RESULTS Neighborhood walkability was a strong predictor of diabetes incidence independent of age and area income, particularly among recent immigrants (lowest [quintile 1 {Q1}] vs. highest [quintile 5 {Q5}] walkability quintile: relative risk [RR] 1.58 [95% CI 1.42–1.75] for men; 1.67 [1.48–1.88] for women) compared with long-term residents (Q1 to Q5) 1.32 [1.26–1.38] for men; 1.24 [1.18–1.31] for women). Coexisting poverty accentuated these effects; diabetes incidence varied threefold between recent immigrants living in low-income/low walkability areas (16.2 per 1,000) and those living in high-income/high walkability areas (5.1 per 1,000).

CONCLUSIONS Neighborhood walkability was inversely associated with the development of diabetes in our setting, particularly among recent immigrants living in low-income areas.

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This study has general implications for primary prevention of diabetes. Choosing the right place to live is probably the most preventable risk to developing diabetes which is not well controlled can have significant long term health implication.

It is the belief that if your neighborhood is conducive to walking or running or biking… then most of the dwellers will have no reason not to exercise.  But if the environment where you live is not conducive to walking, then this becomes an excuse to be a couch potato.

 

 

Sleep and Diabetes: Quality Matters NOT Quantity!!!!

May 30, 2011

Go to fullsize imageLack of sleep causes stress. Stress increases stress hormones that can increase glucose. Understandably,lack of sleep equals risk for diabetes.  I used to believe from previous studies that a duration of sleep less than 7 hours increases ones risk to develop diabetes.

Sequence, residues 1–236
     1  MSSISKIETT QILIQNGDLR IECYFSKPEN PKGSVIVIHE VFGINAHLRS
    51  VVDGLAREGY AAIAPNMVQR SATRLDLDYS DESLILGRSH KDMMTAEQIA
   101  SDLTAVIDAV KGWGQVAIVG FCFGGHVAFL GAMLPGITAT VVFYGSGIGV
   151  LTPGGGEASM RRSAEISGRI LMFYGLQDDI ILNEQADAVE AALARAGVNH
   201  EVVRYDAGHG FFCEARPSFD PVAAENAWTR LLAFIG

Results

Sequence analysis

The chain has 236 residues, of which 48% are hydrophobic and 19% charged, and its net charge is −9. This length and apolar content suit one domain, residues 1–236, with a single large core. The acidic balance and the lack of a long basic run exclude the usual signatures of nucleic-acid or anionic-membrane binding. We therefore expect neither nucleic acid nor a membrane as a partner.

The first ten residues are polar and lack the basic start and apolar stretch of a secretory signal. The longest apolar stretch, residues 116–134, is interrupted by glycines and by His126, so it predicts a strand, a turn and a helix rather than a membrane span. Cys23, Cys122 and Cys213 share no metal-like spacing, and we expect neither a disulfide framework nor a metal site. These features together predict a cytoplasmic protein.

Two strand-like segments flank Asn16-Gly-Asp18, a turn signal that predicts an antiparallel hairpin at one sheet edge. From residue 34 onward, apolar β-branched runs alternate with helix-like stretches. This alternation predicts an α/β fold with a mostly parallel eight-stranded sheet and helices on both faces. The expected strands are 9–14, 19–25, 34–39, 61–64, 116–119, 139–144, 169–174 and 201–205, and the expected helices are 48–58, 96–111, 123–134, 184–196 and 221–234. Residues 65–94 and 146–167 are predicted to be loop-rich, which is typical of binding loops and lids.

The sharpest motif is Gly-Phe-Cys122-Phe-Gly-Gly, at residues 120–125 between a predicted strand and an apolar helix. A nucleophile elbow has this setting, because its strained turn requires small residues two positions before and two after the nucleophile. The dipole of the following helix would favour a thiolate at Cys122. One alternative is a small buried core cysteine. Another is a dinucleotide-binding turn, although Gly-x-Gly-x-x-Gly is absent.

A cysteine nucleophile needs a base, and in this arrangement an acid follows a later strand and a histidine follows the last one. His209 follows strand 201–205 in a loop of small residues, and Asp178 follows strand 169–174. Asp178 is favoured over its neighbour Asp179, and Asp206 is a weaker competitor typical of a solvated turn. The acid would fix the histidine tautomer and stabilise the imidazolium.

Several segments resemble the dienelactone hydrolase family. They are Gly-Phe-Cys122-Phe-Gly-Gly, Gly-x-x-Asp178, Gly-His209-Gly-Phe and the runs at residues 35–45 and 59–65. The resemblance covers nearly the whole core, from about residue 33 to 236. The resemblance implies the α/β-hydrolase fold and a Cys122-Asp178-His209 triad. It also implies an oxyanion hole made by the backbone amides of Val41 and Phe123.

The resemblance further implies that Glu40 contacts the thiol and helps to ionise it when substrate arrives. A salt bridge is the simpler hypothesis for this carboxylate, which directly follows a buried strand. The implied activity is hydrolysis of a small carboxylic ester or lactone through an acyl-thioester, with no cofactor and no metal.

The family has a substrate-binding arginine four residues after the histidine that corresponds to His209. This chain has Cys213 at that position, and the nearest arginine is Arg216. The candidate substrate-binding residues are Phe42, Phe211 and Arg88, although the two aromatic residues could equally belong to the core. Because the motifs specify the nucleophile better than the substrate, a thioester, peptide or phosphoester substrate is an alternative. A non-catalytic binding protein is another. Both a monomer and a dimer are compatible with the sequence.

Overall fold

Now comes a new study published in Diabetes Care March 2011, that tell us Quality is important than Quantity…

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OBJECTIVE To examine whether sleep duration and quality are associated with fasting glucose, fasting insulin, or estimated insulin resistance in a community-based sample of early middle-aged adults.

RESEARCH DESIGN AND METHODS This was an ancillary study to the Coronary Artery Risk Development in Young Adults (CARDIA) Study. Habitual sleep duration and fragmentation were estimated from 6 days of wrist actigraphy collected in 2003–2005. Insomnia was defined as self-reported difficulty falling asleep or waking up in the night three or more times per week plus average sleep efficiency of <80% based on actigraphy. Fasting blood samples to measure glucose and insulin were collected after the sleep measures during the CARDIA clinical examination in 2005–2006. Insulin resistance was estimated using the homeostatic model assessment (HOMA) method. Analyses were cross-sectional and stratified by the presence of diabetes.

RESULTS There was no association between sleep measures and fasting glucose, insulin, or HOMA in the 115 subjects without diabetes. Among the 40 subjects with diabetes, after adjustment for covariates, 10% higher sleep fragmentation was associated with a 9% higher fasting glucose level, a 30% higher fasting insulin level, and a 43% higher HOMA level. Insomnia was associated with a 23% higher fasting glucose level, a 48% higher fasting insulin level, and an 82% higher HOMA level.

CONCLUSIONS The observed association between poor sleep quality and higher glucose, insulin, and estimated insulin resistance among subjects with diabetes warrants further examination of the effect of sleep disturbances on glucose control in type 2 diabetes.

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In the study, sleep duration was assessed as the amount of sleep obtained per night while sleep fragmentation was based on the periods of restlessness and movements that the pateints had during the night.

What is interesting in the study was that there was no association between sleep duration and glucose metabolism in groups with or without diabetes.  This is in contrast to earlier studies which showed otherwise.